‘Well, he’s very . . . very . . . personable and good-humoured, not to talk about good-looking, I suppose.’ Karen shrugged. ‘I’d give anything for his eyelashes.’

‘Good-looking! Huh! In a pretty-boy way maybe, with his perfectly styled hair and manicured nails. He wears moisturizer. I’ve seen it in their bathroom! He’s got those eyebrows that are too close, I never trust a man with eyebrows like his. I dated a guy who did the dirt on me. He had eyebrows like Bryan’s.’ Connie knew she was being irrational but she was on a roll.

‘Never trust a man with funny eyebrows,’ teased Karen, laughing.

‘You may laugh, but it’s true and give me a real man any day. Bryan’s a little consequence who does damn all while his women dance attendance on him.’ Connie drained her cappuccino and brushed the crumbs of her bap on to the ground for the little sparrows that twittered around on the footpath. A Dart rumbled into Dun Laoghaire station and she frowned.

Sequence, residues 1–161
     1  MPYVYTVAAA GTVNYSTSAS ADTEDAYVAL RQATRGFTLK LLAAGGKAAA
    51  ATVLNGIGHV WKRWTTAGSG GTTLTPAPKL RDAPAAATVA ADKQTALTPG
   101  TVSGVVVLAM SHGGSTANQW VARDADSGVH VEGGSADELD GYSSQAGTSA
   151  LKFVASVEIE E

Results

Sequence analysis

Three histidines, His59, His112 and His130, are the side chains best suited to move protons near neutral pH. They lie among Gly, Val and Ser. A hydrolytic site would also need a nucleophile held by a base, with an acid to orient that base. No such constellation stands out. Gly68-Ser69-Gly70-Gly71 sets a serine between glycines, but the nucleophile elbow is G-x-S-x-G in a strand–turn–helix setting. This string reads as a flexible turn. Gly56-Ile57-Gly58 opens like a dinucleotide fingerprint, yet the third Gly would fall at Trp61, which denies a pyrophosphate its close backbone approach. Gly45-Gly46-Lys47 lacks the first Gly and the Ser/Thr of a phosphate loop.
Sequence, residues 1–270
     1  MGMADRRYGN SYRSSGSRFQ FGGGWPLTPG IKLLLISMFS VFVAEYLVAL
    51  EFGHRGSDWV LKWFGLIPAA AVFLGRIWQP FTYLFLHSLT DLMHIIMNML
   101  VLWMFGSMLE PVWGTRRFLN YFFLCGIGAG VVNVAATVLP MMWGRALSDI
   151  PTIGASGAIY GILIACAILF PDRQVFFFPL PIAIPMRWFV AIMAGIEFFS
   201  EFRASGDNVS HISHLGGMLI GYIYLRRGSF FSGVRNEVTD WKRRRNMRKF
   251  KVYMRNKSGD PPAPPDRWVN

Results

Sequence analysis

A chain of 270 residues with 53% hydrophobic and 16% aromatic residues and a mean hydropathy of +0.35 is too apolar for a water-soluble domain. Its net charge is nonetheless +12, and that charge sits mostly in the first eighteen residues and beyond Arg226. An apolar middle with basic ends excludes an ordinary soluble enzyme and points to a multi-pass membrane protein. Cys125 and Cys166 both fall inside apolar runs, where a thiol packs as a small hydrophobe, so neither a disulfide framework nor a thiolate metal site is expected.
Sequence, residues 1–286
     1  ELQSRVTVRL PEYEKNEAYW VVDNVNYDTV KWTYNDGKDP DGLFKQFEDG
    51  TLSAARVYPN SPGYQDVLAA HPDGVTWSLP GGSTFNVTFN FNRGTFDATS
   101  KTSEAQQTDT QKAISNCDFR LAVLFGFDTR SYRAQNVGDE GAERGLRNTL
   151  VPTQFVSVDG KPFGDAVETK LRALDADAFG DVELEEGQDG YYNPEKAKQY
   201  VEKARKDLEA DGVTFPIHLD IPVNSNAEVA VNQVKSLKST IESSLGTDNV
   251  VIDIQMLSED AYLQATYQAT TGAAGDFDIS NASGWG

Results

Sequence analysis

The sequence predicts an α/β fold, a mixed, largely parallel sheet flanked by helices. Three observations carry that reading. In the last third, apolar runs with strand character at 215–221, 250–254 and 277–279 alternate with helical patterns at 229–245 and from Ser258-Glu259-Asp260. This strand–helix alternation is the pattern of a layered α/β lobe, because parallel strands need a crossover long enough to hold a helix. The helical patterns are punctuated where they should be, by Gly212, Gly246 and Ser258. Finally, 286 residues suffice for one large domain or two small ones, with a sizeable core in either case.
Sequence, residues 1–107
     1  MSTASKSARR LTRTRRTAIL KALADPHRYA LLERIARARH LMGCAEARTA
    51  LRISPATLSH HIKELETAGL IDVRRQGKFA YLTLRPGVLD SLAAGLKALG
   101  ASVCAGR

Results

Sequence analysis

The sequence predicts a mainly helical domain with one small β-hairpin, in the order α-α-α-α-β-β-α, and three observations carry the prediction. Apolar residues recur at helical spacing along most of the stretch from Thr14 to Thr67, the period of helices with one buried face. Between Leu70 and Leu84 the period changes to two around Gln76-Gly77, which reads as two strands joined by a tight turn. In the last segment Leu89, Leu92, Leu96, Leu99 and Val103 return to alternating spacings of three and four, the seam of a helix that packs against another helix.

‘I guess I’d better be making a move,’ she said reluctantly. ‘Barry’s coming over to talk about the wedding later. We’ve to do the table placings with Debbie. That will be jolly,’ she added dryly, wishing she could stay drinking cappuccinos with Karen and watch the gulls wheel and circle between the masts of the yachts in the marina. A balmy breeze blew in off the glittering, azure sea, cooling her down and blowing her coppery hair away from her face. ‘She really doesn’t want Aimee and Melissa there, but Barry wants his wife and child at the wedding and I can’t say no, especially when he’s paying so much towards it. She said she’s not having a top table as such because it’s a barbecue, so I might have to put them with you and John. Is that OK?’ She looked doubtfully at her sister-in-law.

‘Yeah, I can cope with Aimee for an hour or two,’ Karen said cheerfully.

‘Thanks, Karen, I appreciate it. She won’t really know anyone there, and I don’t want to put her at Mam’s table—’

‘Absolutely not,’ grinned Karen. ‘Arctic conditions would prevail and you’d never hear the end of it.’

‘Oh God!’ Connie buried her face in her hands. ‘I wish I could run away.’